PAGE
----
According to web application security specialists, a group of meteorologists warn that signals from multiple weather forecast satellites could be disrupted by 5G mobile data networks operating in the United States. Experts have tried to contact the Federal Communications Commission (FCC).
In the letter to the FCC, meteorologists claim to be deeply concerned about this situation. In addition, experts call for The Donald Trump administration to postpone a tender for the radio spectrum for the use of 5G technology. Experts from the American Geophysical Union, the National Weather Association and the American Meteorological Society say that interference caused by increased telecommunications activity could lead to a delay in the transmission of weather information.
“The weather networks with which we work, and which could be impacted, are a determining element in civil protection activities in the event of natural disasters, and also serve scientific research purposes,” the experts explain. On the other hand, web application security specialists believe that delays in these systems could cause a waste of valuable time when a natural disaster occurs. These satellites transmit images of Earth to meteorologists and also send data collected from thousands of terrestrial sensors.
The company Ligado Networks is the main interested in the use of the designated spectrum band (1,675 to 1,680 MHz) for the implementation of 5G technology. The company also sent a letter to the FCC mentioning that failure to allow the use of the 5G spectrum would present a risky situation for the U.S. government, lagging behind in the implementation of this technology. Finally, the company proposes that meteorologists download the data they require for their work from the Internet.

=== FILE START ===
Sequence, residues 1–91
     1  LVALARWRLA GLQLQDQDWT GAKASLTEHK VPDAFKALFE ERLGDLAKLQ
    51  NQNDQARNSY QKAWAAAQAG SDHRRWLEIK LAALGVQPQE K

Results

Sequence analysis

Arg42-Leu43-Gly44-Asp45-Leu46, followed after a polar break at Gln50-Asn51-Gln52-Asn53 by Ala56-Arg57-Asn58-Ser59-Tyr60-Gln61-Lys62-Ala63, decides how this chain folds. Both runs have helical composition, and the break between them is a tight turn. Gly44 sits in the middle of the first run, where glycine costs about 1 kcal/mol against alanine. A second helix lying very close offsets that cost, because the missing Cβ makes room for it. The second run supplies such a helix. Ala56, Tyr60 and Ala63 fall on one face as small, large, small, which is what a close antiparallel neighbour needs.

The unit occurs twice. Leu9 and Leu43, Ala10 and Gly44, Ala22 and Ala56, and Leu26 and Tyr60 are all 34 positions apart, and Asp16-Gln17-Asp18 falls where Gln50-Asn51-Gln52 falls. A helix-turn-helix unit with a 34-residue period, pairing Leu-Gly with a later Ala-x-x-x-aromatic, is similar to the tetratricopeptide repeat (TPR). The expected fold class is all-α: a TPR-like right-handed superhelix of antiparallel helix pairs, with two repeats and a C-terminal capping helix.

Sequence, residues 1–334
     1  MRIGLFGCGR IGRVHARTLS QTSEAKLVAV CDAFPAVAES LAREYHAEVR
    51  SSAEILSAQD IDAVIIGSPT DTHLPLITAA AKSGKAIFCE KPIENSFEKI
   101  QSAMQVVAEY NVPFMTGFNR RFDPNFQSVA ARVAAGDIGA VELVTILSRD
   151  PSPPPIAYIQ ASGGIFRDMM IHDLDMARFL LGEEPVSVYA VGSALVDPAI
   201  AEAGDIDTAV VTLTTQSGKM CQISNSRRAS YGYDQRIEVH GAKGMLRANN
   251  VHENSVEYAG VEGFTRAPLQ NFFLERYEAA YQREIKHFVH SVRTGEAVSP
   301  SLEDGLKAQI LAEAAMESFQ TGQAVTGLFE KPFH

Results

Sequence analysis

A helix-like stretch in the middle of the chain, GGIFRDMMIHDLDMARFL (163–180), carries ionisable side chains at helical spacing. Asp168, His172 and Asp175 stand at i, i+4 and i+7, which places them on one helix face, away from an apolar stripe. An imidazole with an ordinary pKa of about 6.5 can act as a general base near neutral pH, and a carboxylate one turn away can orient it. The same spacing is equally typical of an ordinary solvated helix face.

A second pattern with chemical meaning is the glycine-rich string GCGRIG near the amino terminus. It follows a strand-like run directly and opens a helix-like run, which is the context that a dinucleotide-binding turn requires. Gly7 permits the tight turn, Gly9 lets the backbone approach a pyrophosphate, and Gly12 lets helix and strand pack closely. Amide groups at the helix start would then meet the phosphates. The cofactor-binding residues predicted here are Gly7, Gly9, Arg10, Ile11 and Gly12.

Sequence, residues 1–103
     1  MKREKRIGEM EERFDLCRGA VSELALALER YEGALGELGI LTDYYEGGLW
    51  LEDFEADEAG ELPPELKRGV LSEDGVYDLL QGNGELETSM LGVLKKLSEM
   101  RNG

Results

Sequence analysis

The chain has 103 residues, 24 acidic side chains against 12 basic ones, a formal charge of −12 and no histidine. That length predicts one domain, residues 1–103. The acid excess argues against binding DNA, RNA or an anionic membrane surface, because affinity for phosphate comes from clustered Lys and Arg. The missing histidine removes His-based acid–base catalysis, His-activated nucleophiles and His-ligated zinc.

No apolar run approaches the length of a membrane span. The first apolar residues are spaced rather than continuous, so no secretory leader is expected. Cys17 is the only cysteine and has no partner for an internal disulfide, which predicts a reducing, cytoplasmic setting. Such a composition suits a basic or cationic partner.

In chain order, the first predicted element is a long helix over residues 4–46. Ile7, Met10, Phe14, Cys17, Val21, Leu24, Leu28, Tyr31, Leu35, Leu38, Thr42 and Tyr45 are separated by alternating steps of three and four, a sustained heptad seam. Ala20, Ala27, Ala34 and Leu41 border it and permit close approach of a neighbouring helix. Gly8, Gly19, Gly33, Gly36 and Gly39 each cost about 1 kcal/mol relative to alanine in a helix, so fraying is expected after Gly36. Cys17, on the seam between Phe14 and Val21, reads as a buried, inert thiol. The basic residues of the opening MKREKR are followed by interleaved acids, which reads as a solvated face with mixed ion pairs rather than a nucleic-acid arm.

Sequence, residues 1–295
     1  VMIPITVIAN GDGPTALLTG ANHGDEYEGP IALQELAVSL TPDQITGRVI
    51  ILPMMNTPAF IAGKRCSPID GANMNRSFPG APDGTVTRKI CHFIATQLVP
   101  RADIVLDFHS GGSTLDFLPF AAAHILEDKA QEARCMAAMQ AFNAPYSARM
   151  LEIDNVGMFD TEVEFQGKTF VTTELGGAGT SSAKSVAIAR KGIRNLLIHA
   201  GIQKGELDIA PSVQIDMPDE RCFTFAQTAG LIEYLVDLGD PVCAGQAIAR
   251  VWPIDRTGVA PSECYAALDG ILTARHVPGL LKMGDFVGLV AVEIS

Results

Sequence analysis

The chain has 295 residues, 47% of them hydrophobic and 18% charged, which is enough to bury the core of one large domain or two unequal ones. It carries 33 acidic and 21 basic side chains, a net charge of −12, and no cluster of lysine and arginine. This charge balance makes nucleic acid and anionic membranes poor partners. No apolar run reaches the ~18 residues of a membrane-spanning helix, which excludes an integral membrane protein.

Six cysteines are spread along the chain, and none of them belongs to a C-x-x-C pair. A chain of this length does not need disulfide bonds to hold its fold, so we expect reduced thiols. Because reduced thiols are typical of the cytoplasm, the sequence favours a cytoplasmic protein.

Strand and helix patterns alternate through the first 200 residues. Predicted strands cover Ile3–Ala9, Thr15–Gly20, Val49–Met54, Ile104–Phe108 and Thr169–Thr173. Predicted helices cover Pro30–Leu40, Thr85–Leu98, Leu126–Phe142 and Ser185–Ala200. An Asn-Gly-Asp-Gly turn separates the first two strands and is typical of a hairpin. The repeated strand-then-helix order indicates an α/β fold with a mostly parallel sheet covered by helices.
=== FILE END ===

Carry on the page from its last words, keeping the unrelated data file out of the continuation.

However, meteorologists warn that this solution is inefficient, as they have already analyzed how quickly they can download and obtain this data over the Internet, mentioning that this is too slow a process compared to the use of satellites.
Web application security specialists at the International Institute for Cyber Security (IICS) mention that the amount of interference caused depends largely on where 5G technology is deployed, so these levels of interference may or may not vary.
He is a well-known expert in mobile security and malware analysis. He studied Computer Science at NYU and started working as a cyber security analyst in 2003. He is actively working as an anti-malware expert. He also worked for security companies like Kaspersky Lab. His everyday job includes researching about new malware and cyber security incidents. Also he has deep level of knowledge in mobile security and mobile vulnerabilities.